InVivoMAb anti-mouse CD1d (CD1.1)
About InVivoMAb anti-mouse CD1d (CD1.1)
The 19G11 monoclonal antibody reacts with mouse CD1d also known as CD1.1. CD1d is a 48 kDa type I membrane glycoprotein and a member of the CD1 family of glycoproteins. CD1d is a non-classical MHC protein with structural homology to class I MHC molecules. CD1d is expressed on the surface of various antigen-presenting cells and is involved in the presentation of non-peptide glycolipid antigens to to CD1d-restricted T cells. CD1d-presented glycolipid antigens activate invariant natural killer T (iNKT) cells, through the interaction with the T-cell receptor present on iNKT cell membranes. When activated, iNKT cells rapidly produce Th1 and Th2 cytokines.
InVivoMAb anti-mouse CD1d (CD1.1) Specifications
|Recommended Isotype Control(s)||InVivoMAb rat IgG1 isotype control, anti-horseradish peroxidase(BE0088)|
|Recommended InVivoPure Dilution Buffer||InVivoPure pH 7.0 Dilution Buffer(IP0070)|
in vivo CD1d neutralization
0.2 μM filtered
Purified from tissue culture supernatant in an animal free facility
The antibody solution should be stored undiluted at 4°C, and protected from prolonged exposure to light. Do not freeze.
InVivoMAb anti-mouse CD1d (CD1.1) (Clone: 19G11)
An, D., et al. (2014). "Sphingolipids from a symbiotic microbe regulate homeostasis of host intestinal natural killer T cells." Cell 156(1-2): 123-133. PubMed
Coevolution of beneficial microorganisms with the mammalian intestine fundamentally shapes mammalian physiology. Here, we report that the intestinal microbe Bacteroides fragilis modifies the homeostasis of host invariant natural killer T (iNKT) cells by supplementing the host's endogenous lipid antigen milieu with unique inhibitory sphingolipids. The process occurs early in life and effectively impedes iNKT cell proliferation during neonatal development. Consequently, total colonic iNKT cell numbers are restricted into adulthood, and hosts are protected against experimental iNKT cell-mediated, oxazolone-induced colitis. In studies with neonatal mice lacking access to bacterial sphingolipids, we found that treatment with B. fragilis glycosphingolipids-exemplified by an isolated peak (MW = 717.6) called GSL-Bf717-reduces colonic iNKT cell numbers and confers protection against oxazolone-induced colitis in adulthood. Our results suggest that the distinctive inhibitory capacity of GSL-Bf717 and similar molecules may prove useful in the treatment of autoimmune and allergic disorders in which iNKT cell activation is destructive.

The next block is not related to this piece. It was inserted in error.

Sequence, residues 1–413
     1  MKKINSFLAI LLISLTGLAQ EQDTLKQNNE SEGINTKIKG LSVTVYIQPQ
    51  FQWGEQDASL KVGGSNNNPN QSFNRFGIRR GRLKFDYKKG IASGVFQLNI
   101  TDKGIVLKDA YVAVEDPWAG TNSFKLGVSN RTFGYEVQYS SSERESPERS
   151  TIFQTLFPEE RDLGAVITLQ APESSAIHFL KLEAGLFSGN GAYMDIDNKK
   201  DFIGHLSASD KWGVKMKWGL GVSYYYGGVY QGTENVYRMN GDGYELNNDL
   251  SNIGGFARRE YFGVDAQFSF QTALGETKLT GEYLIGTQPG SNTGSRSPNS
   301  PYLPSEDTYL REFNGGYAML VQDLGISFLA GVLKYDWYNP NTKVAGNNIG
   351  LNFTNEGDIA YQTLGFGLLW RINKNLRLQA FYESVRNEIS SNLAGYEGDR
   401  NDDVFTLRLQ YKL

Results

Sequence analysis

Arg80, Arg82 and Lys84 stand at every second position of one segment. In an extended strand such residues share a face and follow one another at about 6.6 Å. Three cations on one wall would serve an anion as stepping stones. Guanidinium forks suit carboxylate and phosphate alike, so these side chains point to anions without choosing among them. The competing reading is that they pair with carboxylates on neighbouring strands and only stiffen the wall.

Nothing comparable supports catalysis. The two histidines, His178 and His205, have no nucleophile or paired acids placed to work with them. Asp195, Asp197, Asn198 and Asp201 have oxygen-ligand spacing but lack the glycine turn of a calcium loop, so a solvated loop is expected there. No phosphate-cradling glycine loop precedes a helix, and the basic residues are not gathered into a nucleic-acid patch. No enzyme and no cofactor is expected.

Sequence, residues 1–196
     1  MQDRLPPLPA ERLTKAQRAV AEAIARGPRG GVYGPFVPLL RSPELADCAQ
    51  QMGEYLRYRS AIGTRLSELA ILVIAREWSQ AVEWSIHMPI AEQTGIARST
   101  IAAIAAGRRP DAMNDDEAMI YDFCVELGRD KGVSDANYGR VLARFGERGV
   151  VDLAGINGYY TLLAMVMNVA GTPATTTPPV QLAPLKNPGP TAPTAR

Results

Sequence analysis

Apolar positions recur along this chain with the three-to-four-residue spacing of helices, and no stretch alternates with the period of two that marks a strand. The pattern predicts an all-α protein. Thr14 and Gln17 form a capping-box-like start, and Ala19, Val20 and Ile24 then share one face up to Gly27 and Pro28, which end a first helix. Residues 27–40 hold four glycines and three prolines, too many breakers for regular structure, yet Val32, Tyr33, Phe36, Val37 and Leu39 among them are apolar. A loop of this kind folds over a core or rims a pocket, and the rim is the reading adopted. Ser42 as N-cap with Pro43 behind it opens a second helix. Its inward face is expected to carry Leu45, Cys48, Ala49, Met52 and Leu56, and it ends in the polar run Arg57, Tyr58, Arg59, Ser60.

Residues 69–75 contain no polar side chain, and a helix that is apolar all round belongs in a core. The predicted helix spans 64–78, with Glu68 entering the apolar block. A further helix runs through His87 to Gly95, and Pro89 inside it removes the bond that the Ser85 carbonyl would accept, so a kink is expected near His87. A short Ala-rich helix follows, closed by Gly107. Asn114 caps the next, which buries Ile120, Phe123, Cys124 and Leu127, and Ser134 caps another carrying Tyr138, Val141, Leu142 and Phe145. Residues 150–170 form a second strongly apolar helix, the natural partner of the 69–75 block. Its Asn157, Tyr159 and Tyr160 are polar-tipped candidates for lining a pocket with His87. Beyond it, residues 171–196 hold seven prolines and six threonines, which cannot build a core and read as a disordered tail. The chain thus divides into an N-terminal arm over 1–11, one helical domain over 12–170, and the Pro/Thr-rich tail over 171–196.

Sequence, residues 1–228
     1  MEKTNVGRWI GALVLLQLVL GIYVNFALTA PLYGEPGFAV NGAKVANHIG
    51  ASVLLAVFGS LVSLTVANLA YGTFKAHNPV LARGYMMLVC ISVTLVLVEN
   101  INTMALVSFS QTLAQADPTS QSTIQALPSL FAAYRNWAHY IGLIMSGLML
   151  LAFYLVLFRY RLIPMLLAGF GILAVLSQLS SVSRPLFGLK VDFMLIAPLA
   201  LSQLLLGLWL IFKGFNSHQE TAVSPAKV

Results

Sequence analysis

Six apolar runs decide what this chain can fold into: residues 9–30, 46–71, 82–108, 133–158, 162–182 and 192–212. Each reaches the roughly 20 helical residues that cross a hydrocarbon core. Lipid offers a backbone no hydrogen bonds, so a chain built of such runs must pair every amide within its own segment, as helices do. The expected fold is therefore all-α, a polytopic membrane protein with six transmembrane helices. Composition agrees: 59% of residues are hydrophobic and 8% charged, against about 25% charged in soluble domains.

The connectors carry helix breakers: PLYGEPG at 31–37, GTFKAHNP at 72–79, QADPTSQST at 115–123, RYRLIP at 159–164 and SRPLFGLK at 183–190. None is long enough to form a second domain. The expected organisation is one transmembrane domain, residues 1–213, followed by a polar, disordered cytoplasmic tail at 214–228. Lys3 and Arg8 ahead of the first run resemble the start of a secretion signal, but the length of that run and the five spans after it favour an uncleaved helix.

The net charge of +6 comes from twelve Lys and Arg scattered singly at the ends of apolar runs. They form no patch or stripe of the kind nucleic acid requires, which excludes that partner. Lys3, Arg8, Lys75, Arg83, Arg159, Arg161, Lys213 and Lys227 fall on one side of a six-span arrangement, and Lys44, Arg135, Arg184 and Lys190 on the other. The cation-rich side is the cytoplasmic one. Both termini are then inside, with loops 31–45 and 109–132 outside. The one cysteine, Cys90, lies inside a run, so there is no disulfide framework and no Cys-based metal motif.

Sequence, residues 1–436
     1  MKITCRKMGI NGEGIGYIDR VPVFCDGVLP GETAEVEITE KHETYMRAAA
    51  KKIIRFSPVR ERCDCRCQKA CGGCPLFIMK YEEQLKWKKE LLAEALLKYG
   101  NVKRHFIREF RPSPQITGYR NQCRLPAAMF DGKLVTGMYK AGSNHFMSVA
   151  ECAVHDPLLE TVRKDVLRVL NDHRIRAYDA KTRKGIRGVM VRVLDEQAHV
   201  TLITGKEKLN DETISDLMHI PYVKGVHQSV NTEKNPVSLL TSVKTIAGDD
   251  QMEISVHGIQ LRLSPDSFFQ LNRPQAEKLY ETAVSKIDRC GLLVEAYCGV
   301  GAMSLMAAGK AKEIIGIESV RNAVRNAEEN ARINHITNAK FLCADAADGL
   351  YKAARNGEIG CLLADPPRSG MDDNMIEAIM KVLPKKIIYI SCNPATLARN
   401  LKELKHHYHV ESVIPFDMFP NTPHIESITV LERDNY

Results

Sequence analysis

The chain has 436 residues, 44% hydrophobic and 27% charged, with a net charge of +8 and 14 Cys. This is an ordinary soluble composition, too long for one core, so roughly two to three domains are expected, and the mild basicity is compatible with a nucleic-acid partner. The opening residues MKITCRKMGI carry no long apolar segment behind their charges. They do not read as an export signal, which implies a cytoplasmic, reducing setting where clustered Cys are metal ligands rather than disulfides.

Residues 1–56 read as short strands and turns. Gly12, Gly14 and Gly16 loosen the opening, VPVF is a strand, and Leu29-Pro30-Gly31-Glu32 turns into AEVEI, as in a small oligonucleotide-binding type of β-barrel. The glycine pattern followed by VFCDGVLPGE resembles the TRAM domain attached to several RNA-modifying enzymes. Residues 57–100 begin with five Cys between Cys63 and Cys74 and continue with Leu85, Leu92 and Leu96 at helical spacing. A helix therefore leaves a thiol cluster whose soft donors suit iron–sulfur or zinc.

Olszak, T., et al. (2014). "Protective mucosal immunity mediated by epithelial CD1d and IL-10." Nature 509(7501): 497-502. PubMed
The mechanisms by which mucosal homeostasis is maintained are of central importance to inflammatory bowel disease. Critical to these processes is the intestinal epithelial cell (IEC), which regulates immune responses at the interface between the commensal microbiota and the host. CD1d presents self and microbial lipid antigens to natural killer T (NKT) cells, which are involved in the pathogenesis of colitis in animal models and human inflammatory bowel disease. As CD1d crosslinking on model IECs results in the production of the important regulatory cytokine interleukin (IL)-10 (ref. 9), decreased epithelial CD1d expression--as observed in inflammatory bowel disease--may contribute substantially to intestinal inflammation. Here we show in mice that whereas bone-marrow-derived CD1d signals contribute to NKT-cell-mediated intestinal inflammation, engagement of epithelial CD1d elicits protective effects through the activation of STAT3 and STAT3-dependent transcription of IL-10, heat shock protein 110 (HSP110; also known as HSP105), and CD1d itself. All of these epithelial elements are critically involved in controlling CD1d-mediated intestinal inflammation. This is demonstrated by severe NKT-cell-mediated colitis upon IEC-specific deletion of IL-10, CD1d, and its critical regulator microsomal triglyceride transfer protein (MTP), as well as deletion of HSP110 in the radioresistant compartment. Our studies thus uncover a novel pathway of IEC-dependent regulation of mucosal homeostasis and highlight a critical role of IL-10 in the intestinal epithelium, with broad implications for diseases such as inflammatory bowel disease.